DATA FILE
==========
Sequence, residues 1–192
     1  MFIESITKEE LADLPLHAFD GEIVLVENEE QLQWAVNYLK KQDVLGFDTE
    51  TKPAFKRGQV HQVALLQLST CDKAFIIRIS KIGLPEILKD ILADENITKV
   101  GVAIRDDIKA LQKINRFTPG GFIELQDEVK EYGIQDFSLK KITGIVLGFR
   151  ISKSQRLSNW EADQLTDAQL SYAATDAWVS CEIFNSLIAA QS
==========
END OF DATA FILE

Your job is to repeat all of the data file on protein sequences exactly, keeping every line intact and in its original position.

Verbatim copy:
Sequence, residues 1–192
     1  MFIESITKEE LADLPLHAFD GEIVLVENEE QLQWAVNYLK KQDVLGFDTE
    51  TKPAFKRGQV HQVALLQLST CDKAFIIRIS KIGLPEILKD ILADENITKV
   101  GVAIRDDIKA LQKINRFTPG GFIELQDEVK EYGIQDFSLK KITGIVLGFR
   151  ISKSQRLSNW EADQLTDAQL SYAATDAWVS CEIFNSLIAA QS